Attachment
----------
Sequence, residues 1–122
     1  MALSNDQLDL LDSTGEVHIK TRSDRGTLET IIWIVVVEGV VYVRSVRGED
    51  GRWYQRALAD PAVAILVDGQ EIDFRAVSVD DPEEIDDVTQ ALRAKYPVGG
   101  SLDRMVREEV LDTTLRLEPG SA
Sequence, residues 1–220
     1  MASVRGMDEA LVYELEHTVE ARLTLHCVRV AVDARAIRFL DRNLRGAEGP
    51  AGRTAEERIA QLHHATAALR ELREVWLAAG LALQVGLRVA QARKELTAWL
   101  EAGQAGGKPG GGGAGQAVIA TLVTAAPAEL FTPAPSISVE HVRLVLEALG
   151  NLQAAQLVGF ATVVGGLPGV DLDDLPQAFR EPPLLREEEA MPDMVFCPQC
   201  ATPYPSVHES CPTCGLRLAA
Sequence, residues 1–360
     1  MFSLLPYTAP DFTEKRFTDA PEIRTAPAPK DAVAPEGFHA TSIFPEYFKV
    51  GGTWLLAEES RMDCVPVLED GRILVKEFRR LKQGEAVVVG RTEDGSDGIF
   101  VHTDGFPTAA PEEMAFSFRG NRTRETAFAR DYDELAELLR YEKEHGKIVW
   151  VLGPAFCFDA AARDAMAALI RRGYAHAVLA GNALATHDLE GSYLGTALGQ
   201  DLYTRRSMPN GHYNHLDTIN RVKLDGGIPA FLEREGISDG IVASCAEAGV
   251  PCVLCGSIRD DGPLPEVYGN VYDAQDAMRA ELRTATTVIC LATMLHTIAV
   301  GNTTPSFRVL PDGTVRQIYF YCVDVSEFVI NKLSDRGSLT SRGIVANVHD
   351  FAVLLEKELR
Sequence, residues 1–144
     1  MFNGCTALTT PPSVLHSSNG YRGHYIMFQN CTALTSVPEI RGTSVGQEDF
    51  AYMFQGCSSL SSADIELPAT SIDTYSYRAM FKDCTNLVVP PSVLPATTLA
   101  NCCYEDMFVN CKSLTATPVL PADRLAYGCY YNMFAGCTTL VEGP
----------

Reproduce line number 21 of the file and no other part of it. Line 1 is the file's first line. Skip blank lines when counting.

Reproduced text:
     1  MFNGCTALTT PPSVLHSSNG YRGHYIMFQN CTALTSVPEI RGTSVGQEDF